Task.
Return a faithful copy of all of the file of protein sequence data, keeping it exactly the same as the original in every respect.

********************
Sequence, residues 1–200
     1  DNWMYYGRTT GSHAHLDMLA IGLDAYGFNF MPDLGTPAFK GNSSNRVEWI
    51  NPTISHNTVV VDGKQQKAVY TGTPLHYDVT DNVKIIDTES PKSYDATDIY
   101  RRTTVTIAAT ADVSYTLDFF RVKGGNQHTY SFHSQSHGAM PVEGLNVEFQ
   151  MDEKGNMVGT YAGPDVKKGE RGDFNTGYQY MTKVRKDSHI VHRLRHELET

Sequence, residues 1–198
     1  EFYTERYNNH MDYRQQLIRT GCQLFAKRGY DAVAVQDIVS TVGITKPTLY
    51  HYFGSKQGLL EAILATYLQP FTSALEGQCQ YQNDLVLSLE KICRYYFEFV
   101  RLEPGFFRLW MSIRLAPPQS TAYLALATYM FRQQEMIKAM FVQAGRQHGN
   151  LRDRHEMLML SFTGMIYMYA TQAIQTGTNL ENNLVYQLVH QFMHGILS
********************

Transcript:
Sequence, residues 1–200
     1  DNWMYYGRTT GSHAHLDMLA IGLDAYGFNF MPDLGTPAFK GNSSNRVEWI
    51  NPTISHNTVV VDGKQQKAVY TGTPLHYDVT DNVKIIDTES PKSYDATDIY
   101  RRTTVTIAAT ADVSYTLDFF RVKGGNQHTY SFHSQSHGAM PVEGLNVEFQ
   151  MDEKGNMVGT YAGPDVKKGE RGDFNTGYQY MTKVRKDSHI VHRLRHELET

Sequence, residues 1–198
     1  EFYTERYNNH MDYRQQLIRT GCQLFAKRGY DAVAVQDIVS TVGITKPTLY
    51  HYFGSKQGLL EAILATYLQP FTSALEGQCQ YQNDLVLSLE KICRYYFEFV
   101  RLEPGFFRLW MSIRLAPPQS TAYLALATYM FRQQEMIKAM FVQAGRQHGN
   151  LRDRHEMLML SFTGMIYMYA TQAIQTGTNL ENNLVYQLVH QFMHGILS